The Newspaper for the Future of Miami
Connect with us:
  • Facebook
  • Twitter
  • Instagram
  • Linkedin
Front Page » Opinion » Don’t force on Miami-Dade an unqualified elected sheriff

Don’t force on Miami-Dade an unqualified elected sheriff

Written by on October 9, 2018
Don’t force on Miami-Dade an unqualified elected sheriff

Deep on a long Nov. 6 ballot, a terrible offering could force Miami-Dade to elect a sheriff with no required qualifications.

If passed, our top cop would need no police training, no ability to run a large paramilitary team, no skills in handling personnel or dealing with a big budget – just popularity and the energy to twist arms for campaign cash.

The sheriff wouldn’t need skills dealing with a host of current thorny issues like police weapons use, mass shootings, ethnic sensitivity, crowd control, domestic violence, terrorist situations or hurricane evacuations – just the ability to get votes.

Decades ago we had sheriffs who worked under this structure until several were indicted and voters altered our charter to dump the job. Instead, county managers (and now mayors) appoint a professional director who heads policing in places where city police forces don’t. The structure works.

So, why bring back a failure?

The ballot question, called Amendment 10, isn’t a local initiative. It comes from a panel that, ironically, tried to avoid confusion by lumping into a single yes-or-no question a piñata of unrelated state constitutional changes. The only reason they’re together is to simplify things – but actually that makes them terribly complex.

A yes from 60% of state voters would not only require Miami-Dade to revert to a sheriff and bar us from setting qualifications, it would also dictate when the legislature could meet, make sure the department of veterans affairs could never be abolished, and force elections throughout Florida for not just sheriffs but also property appraisers, supervisors of elections, tax collectors and clerks of court. Moreover, it would create the office of domestic security and counterterrorism in the state’s department of law enforcement.

What a mixed bag. No pieces of the puzzle are related to the others. It’s like a restaurant with just one meal on the menu and you’re allergic to the main course: would you order it?

Well, this particular meal isn’t healthy.

A sheriff elected by soliciting campaign cash is corruption waiting to happen. Even if the sheriff is 100% honest, he – sheriffs are almost all men – is in a perilous position of seeking money from people who might later run afoul of the law. Donations, after all, are public record.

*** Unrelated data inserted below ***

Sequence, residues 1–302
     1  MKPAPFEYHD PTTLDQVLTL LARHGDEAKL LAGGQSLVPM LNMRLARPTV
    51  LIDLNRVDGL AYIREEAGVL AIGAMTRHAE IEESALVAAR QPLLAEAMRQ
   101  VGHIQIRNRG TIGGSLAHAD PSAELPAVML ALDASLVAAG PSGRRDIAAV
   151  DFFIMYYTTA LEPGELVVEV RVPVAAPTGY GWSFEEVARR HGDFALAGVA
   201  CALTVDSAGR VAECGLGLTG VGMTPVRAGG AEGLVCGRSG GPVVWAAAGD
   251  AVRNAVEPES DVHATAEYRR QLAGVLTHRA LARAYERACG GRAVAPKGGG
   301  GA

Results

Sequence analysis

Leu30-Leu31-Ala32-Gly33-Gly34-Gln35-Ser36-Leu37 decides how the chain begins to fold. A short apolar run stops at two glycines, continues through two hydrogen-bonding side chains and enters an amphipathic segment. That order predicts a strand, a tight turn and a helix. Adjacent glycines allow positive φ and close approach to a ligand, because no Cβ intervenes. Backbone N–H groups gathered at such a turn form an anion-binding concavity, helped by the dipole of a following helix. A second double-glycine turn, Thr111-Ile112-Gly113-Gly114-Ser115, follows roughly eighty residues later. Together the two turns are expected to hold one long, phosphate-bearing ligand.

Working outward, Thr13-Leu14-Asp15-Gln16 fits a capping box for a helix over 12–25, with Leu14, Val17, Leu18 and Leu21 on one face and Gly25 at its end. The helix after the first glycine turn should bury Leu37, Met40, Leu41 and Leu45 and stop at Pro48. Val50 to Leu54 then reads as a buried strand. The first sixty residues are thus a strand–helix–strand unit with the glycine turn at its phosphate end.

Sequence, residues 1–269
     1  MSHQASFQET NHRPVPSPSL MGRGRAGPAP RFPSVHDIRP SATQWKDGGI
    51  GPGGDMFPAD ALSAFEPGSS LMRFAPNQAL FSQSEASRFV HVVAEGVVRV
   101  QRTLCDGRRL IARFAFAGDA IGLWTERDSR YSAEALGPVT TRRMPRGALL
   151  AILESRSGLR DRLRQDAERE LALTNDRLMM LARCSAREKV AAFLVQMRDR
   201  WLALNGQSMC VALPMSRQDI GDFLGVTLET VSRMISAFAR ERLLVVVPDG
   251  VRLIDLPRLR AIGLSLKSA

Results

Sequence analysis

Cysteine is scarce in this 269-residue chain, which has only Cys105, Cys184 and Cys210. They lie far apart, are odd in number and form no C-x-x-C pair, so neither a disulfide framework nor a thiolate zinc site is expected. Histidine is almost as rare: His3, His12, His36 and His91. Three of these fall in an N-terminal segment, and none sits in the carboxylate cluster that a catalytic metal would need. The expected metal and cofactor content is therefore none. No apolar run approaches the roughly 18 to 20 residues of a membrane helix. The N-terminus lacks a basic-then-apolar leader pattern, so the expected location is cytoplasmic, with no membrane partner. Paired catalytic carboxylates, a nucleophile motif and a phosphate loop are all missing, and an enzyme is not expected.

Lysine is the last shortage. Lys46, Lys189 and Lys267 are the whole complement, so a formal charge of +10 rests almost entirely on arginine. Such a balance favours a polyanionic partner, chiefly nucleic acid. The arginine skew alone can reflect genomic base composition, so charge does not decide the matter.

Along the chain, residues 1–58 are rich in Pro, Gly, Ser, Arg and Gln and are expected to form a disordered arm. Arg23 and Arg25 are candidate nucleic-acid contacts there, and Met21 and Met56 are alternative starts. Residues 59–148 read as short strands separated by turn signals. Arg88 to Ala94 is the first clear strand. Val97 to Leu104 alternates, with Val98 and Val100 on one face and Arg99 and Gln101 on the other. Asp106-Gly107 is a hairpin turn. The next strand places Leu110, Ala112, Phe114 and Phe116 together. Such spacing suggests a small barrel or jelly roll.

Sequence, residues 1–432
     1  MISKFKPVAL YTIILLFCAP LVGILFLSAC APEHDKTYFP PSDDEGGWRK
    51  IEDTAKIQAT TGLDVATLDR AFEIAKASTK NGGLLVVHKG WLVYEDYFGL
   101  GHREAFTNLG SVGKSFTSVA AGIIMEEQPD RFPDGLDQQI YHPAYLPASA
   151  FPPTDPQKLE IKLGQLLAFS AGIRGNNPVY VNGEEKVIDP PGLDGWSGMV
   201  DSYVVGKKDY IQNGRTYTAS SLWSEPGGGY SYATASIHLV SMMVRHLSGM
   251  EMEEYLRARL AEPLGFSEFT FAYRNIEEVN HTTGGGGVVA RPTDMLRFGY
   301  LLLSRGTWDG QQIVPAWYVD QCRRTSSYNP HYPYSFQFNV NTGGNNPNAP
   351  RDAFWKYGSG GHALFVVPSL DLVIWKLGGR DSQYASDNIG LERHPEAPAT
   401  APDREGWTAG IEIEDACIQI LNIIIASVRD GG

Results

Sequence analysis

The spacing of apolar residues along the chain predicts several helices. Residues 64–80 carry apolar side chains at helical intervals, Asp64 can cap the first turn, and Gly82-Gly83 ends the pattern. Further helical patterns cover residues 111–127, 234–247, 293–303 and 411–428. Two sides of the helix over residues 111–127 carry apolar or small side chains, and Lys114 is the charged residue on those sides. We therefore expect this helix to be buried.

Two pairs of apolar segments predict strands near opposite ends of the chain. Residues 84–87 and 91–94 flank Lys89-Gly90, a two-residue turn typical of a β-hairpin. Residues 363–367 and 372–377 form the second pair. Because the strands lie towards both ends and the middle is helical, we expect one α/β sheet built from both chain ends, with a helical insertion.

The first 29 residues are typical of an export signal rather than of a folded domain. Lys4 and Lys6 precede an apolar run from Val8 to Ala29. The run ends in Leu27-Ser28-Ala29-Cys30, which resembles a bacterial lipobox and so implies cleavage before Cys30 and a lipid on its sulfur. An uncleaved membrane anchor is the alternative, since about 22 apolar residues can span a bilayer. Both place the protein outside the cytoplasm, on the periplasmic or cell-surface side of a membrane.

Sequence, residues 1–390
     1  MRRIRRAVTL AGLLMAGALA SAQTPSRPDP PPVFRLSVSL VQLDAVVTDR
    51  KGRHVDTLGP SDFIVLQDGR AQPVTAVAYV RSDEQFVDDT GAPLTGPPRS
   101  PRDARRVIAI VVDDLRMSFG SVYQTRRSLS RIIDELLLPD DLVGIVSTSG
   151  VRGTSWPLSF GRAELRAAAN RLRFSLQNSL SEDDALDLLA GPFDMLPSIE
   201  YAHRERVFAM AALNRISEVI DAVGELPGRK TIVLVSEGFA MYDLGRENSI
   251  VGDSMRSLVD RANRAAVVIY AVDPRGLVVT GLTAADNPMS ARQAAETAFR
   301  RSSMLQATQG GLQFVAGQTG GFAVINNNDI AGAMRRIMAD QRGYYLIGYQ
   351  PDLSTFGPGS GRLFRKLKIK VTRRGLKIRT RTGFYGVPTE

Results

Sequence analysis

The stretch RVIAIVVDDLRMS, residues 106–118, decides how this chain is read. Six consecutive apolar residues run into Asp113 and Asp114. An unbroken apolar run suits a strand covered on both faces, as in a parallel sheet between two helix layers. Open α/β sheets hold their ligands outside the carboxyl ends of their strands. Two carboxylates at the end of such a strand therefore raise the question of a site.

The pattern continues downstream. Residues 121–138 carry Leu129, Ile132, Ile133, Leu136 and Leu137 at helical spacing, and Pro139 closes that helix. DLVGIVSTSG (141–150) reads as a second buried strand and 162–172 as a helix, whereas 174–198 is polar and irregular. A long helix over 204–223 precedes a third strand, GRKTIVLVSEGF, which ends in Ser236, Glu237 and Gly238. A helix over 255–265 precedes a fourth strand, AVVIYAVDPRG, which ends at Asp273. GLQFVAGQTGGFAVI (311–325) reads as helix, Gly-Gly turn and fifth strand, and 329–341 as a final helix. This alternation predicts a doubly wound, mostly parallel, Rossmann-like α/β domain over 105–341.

Further, an elected sheriff wouldn’t be as qualified as his police academy-trained subordinates who worked up through the ranks. The sheriff could well be a county commissioner forced out by term limits who seeks another office but has never held a top police rank.

In a job like policing, staff respect is key to success. Imagine a general who never marched or an admiral who has never been to sea – not a respected leader.

A good rule of thumb is to elect for posts requiring generalists with good judgment but appoint qualified officials who require specific training and abilities. Who would want an elected brain surgeon?

Moreover, unlike other county offices, the amendment would bar term limits for the sheriff. All he’d need to stick around forever is votes, not qualifications, because the amendment would bar the county from ever setting professional requirements.

The measure would remove from Miami-Dade voters some power we got more than 60 years ago when we adopted a charter that allowed us to structure our own government for Florida’s biggest county. This measure would erase several upgrades we’ve made in the cookie-cutter format that small Florida counties must follow.

We now choose our 35 local police chiefs and county police director based on professional qualifications, often after careful searches demanding specific criteria. Why placed them under the thumb of an amateur elected sheriff?

Of course, by sheer luck any elected sheriff might do well and any local police chief might stumble. But odds are high that a police professional, carefully chosen, will do a whole lot better than a professional politician who needs a job.

The question is not honesty but ability. Generally, a well-trained person who has worked up through a specialty is going to be a whole lot better than an outsider who parachutes in.

Moreover, county government now can remove a weak police director immediately. An elected sheriff could only be removed by voters at the next election that might be years of incompetent policing away.

There’s no good reason for any Miami-Dade voter to support this flawed ballot question. Vote no on Amendment 10.